26 September 2017

Satellites Show the Lack of Power In Puerto Rico as a Catastrophe Unfolds.

Posted by Dan Satterfield

From NOAA/CIMMS. This image is from the Suomi Satellite’s VIRRS sensor.

The images and pleas for help coming from Puerto Rico are heartbreaking and increasingly alarming. Media reports this evening are saying that 80% of the island’s crops have been destroyed. Only those with generators have power and mobile signals are sparse and intermittent. Up to 60% of people have no reliable access to clean water, and frankly, I can see no signs that much is being done about it!

What’s left of the NOAA Doppler radar near San Juan. It will be at least three months before it can be rebuilt.

I saw a post on Twitter that made the point that the population of Iowa and Puerto Rico are about the same. If the entire state of Iowa had most of its crops destroyed, with no power and 60% of the population were without safe drinking water, would our reaction be different than it is now? I think that’s a very VALID question to ask. Does the fact that most American’s are geographically illiterate and would have trouble finding Puerto Rico on a map play into this? I sure hope not.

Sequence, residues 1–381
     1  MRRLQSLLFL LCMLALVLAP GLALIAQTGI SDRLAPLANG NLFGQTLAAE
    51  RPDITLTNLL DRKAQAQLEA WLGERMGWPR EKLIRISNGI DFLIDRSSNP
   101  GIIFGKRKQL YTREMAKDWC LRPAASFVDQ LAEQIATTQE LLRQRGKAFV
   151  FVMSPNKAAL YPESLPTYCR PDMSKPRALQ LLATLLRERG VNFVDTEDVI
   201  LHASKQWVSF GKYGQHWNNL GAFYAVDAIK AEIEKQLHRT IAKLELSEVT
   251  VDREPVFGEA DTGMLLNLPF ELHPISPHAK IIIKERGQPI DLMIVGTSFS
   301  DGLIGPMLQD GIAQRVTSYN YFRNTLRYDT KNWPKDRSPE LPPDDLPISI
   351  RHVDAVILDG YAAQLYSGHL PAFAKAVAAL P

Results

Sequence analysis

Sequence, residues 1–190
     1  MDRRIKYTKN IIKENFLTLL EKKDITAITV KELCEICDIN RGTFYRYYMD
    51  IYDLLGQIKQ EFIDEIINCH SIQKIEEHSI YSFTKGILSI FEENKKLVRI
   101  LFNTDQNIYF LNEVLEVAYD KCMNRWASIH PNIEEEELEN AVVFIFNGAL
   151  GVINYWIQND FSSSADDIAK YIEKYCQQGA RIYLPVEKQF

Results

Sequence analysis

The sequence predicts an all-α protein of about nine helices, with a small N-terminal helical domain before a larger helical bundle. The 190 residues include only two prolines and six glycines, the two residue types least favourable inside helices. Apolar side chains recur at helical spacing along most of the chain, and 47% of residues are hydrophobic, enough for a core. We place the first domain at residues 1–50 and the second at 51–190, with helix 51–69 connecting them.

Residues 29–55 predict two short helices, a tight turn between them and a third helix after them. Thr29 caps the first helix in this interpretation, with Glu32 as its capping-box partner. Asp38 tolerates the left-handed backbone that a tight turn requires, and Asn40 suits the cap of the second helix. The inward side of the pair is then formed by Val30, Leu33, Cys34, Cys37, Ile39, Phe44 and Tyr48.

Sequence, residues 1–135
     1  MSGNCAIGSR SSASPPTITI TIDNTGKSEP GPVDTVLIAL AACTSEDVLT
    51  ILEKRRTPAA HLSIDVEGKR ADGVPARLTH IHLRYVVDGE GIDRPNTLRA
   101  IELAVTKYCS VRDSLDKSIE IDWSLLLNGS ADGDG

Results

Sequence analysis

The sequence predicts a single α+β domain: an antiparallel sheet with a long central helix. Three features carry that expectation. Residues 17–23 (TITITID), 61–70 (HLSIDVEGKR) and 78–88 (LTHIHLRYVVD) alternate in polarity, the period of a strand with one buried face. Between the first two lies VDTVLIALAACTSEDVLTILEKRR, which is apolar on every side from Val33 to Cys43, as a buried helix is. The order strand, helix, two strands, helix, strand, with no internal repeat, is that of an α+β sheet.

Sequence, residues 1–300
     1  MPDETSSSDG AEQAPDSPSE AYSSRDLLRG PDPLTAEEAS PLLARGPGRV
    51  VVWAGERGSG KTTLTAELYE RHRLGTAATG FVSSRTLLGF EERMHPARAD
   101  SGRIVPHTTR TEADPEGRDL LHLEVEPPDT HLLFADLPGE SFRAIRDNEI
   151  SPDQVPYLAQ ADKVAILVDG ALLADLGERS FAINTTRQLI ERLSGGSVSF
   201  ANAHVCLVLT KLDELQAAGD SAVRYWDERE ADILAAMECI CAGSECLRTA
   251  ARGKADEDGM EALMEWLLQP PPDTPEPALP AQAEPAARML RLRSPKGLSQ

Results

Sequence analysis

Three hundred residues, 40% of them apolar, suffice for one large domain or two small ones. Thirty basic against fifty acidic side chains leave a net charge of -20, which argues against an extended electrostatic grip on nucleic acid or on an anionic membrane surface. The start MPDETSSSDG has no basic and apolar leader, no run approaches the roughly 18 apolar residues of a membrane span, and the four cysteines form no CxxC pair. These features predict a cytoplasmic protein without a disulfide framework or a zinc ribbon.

The NOAA radar station was totally destroyed as well, while San Juan is seeing near record warm temperatures, and this adds to the woes since almost no one has power for air conditioning.

No A/C is one thing, but the problem is much more serious than that. Any medical expert will tell you that lack of safe drinking water will lead to medical emergencies and disease in a very short period of time, so something needs to be done about this.

Like yesterday.

My Point: 3.5 million American’s are in dire straits, while football and someone else’s patriotism is not only none of my business, it’s definitely NOT the lead story right now. It’s not even above the fold.

Kudos to the Washington Post for realising the magnitude of this story and their coverage has been superb today. I just checked the CBS News website and Puerto Rico is 9 storylines down. That’s way below the fold. Do better CBS. Oh, and NY Times, look at your front page too.

It’s time for a massive relief effort.